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The rich pay more than their fair share in Canada—stop importing American narratives

Tax rates at 50 percent or above are driving people out of the country, encouraging people to keep their profits in their corporations in order to ensure they don’t realize personal income.
Neal Winokur The Post Millennial

As a Canadian tax accountant, I experience my share of frustrating and eye-opening stories as a result of our country’s onerous tax system. One story I will never forget is when one of my favourite clients left me forever.

Why did he leave me? The answer may shock you. He left for another country. He could no longer bear the oppressive tax rates of this great land of Canada.

My client—originally from Victoria, B.C., but living in Toronto—was a highly paid, hardworking professional at the top of his career. I remember his e-mail as if it was yesterday: "Neal, I’ve decided to move back to the West Coast. I plan to settle in either Vancouver or Seattle. To help with the decision, can you tell me what my after-tax income would be in each city?"

Here is what I wrote back to him:

"To my favourite client,

I am very happy for you that you’re moving back to the West Coast and I genuinely wish you the best of luck. I will be sad to lose you as a client but you have to do what’s best for you.

If you move to Vancouver, assuming you have CAD $280,000 of income, you will pay tax of $104,674. Your after-tax income will be $175,326. Therefore, the effective tax rate is 37 percent. Every additional dollar you earn will be taxed at 49.8 percent.

If you move to Seattle, though, you’re in luck! Washington State is one of seven states without a state income tax. You only have to pay U.S. federal tax. Assuming you earn US $200,000 (about CAD $280,000), your total income tax bill would be US $52,552. Therefore, your after-tax income would be US $147,448 (or roughly CAD $206,000). The effective tax rate is 26 percent and every additional dollar would be taxed at $33.45 percent.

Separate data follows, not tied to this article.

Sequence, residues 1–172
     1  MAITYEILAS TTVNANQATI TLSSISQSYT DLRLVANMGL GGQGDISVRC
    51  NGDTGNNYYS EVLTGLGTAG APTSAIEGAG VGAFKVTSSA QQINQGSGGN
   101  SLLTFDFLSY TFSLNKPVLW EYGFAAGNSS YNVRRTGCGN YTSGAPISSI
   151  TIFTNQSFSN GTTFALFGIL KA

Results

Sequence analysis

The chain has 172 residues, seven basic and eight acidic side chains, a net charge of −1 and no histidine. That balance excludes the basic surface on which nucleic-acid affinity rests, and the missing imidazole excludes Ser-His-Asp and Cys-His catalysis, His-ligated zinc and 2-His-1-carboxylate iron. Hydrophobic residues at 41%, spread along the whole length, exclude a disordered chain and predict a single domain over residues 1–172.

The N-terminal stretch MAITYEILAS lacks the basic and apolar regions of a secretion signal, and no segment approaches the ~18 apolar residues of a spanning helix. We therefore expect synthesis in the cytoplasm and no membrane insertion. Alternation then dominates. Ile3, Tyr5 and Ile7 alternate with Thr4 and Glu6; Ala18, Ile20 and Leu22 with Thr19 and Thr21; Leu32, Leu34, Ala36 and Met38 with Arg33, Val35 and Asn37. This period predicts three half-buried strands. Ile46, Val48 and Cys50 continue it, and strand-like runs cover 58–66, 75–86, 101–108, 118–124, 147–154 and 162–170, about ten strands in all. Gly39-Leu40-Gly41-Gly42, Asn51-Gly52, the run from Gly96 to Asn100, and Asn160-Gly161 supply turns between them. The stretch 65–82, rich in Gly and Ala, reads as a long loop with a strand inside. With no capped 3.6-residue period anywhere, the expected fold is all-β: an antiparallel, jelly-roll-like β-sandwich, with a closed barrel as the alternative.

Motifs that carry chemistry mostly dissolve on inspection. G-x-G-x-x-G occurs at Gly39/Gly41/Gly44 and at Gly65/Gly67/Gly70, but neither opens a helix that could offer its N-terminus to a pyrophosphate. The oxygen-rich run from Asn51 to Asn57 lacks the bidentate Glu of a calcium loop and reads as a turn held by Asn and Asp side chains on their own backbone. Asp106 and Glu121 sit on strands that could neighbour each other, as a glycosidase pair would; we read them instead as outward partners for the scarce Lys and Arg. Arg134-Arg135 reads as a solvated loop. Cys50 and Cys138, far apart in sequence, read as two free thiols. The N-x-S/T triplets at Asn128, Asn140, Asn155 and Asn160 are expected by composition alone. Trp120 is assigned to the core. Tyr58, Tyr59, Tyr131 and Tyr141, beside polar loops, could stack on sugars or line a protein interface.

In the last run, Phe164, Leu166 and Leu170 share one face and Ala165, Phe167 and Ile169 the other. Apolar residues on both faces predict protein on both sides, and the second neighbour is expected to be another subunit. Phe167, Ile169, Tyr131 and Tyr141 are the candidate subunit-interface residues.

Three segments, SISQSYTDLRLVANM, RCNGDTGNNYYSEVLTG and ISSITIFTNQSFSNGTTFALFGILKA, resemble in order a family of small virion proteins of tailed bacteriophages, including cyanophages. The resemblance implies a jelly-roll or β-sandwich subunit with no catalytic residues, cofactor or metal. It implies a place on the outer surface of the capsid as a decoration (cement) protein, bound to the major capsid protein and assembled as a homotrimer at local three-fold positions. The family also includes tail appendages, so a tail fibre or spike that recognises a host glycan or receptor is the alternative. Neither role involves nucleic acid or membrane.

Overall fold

That said, you would save approximately $30,000 per year in tax by moving to Seattle instead of Vancouver."

This gentleman also considered other factors in his decision-making process. But ultimately, he chose Seattle. The tax saving was a strong factor in his decision.

I lost one of my favourite clients that day. And Canada lost a productive, high-earning, huge-income-tax-paying individual.

There are many political groups, think tanks, organizations and journalists who keep repeating the claim that the rich are not paying their fair share of tax. Yet today, seven out of 10 provinces have a combined federal and provincial tax rate of more than 50 percent on the highest tax bracket.

According to Statistics Canada, the top 10 percent of income earners earns 34 percent of all income in the country but pays 54 percent of all income taxes! The top one percent of income earners earns 10 percent of all income in the country but pay 21 percent of all income taxes. The top 0.1 percent of income earners earn 3.4 percent of all income but pays 7.9 percent of all income taxes.